Awesome, Martha. I've often thought about the economic impact of pollution from the perspective of a dirty environment driving away clean people, but not the impact of pollution on the desirability of a community to both clean and dirty businesses. It is especially disturbing to consider that the air pollution data I've looked at on NEO shows the particulate levels yesterday were the worst in Medina, so it seems we've already ruined our inner city and our entire region, even where it seems so green and prime for more industrial growth. This is the type of insight that needs to be front and center in all economic development discussions about this region, and urban cores, along with the impact of pollution on the health of workers (bad air leads to asthema and other health problems that lead to more sick days and higher health insurance costs, not to mention higher more complex claims), and the impact of pollution on the ability of a community to develop a useful workforce at all (lead, for example, diminishes IQ and so lowers the potential of a large segment of the student population, disrupting education for all the students, leading to a far suboptimal workforce across the board).

Environmental Health Watch knows NEO pollution

From my work with lead eradication I know Environmental Health Watch has great information on the 25% environmental death factor in NEO - and they have extensive information on air pollution - definitely review all the info they provide there and follow their links to learn much more...

24% of all disease from environmental exposure

From Ohio Citizen Action, we find the following article...

Jun 17:  Almost a quarter of all disease caused by environmental exposure

16 JUNE, GENEVA, SWITZERLAND -- "As much as 24% of global disease is caused by environmental exposures which can be averted. Well-targeted interventions can prevent much of this environmental risk, the World Health Organization demonstrates in a report issued today. The report further estimates that more than 33% of disease in children under the age of 5 is caused by environmental exposures. Preventing environmental risk could save as many as four million lives a year, mostly in developing countries. The report, Preventing disease through healthy environments - towards an estimate of the environmental burden of disease, is the most comprehensive and systematic study yet undertaken on how preventable environmental hazards contribute to a wide range of diseases and injuries," press release, World Health Organization.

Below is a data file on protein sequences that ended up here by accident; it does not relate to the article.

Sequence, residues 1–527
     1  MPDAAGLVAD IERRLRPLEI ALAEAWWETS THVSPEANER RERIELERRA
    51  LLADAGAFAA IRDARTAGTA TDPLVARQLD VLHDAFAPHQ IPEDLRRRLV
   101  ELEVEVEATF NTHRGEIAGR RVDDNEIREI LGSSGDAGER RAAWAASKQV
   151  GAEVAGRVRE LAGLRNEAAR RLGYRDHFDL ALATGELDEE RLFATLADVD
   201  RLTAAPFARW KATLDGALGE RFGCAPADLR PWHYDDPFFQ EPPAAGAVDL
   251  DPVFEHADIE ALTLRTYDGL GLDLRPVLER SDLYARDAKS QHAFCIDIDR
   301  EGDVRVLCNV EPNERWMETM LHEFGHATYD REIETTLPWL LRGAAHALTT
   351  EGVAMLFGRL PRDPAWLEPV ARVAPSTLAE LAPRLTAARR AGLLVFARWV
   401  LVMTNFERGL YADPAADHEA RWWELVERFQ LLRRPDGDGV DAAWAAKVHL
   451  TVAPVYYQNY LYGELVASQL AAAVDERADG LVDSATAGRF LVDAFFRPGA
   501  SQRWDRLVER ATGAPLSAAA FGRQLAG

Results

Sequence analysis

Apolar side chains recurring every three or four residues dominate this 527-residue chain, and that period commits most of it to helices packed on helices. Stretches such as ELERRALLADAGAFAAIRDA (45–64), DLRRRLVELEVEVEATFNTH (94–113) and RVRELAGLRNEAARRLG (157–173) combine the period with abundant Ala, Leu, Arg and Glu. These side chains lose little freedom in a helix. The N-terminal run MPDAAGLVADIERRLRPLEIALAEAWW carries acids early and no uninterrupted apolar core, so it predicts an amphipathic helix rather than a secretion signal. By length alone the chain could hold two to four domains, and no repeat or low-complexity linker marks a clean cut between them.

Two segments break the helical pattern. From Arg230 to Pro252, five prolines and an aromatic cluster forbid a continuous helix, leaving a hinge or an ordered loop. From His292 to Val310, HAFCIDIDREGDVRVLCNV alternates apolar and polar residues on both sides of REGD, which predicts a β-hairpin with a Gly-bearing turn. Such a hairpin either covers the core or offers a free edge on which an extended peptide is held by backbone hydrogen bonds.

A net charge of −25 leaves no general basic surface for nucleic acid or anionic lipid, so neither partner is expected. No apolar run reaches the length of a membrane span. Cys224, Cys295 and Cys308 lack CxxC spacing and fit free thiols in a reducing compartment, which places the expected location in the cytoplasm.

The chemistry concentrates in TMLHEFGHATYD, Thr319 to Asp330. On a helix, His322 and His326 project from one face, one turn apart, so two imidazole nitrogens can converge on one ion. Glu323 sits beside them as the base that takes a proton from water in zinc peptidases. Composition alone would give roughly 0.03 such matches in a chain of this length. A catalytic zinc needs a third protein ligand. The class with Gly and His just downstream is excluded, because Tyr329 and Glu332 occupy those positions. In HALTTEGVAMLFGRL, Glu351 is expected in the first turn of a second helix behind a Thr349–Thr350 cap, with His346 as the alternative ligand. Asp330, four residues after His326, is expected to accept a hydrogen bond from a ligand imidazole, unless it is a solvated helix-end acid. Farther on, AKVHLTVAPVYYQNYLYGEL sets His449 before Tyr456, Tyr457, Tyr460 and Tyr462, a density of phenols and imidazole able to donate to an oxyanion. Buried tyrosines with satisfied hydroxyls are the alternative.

Gas guzzlers curse society for generations

I was driving past a used car lot in Shaker and saw two Hummers front and center - so they're starting their second reign of terror - the first owners, who surely just leased these curses for "kicks", or to be biggest man on the block while it seemed soooo cool, are already out of their jams... leases up and huge wealth destroyed but these people clearly burn money for fun - the owners can now escape and be cool having whatever Madison Ave says is cool next. But society is stuck with the cursed big iron and pollution and wasted resources for decades. Gas guzzler owners do not only curse themselves and the planet for the terms of their leases but they curse generations for decades by creating a market for gas guzzlers in the first place and leaving a leagcy of waste that lasts as long as their old iron hangs on... I don't imagine Hummers will hold up very well  but even after GM is finally bankrupt or at least stops making Hummers we'll be seeing them passing through increasingly desperate hands of people who can afford them less and less...

Good air so far today... was it the rain?

I'm trying to understand this air pollution thing - it rained like crazy yesterday and that seems to clear the air - this morning the ozone maps read "good" - can we perdict how it will be later today? Is the pollution level related to rain, and does that mean all that pollution is now in Lake Erie? Any experts in this out there?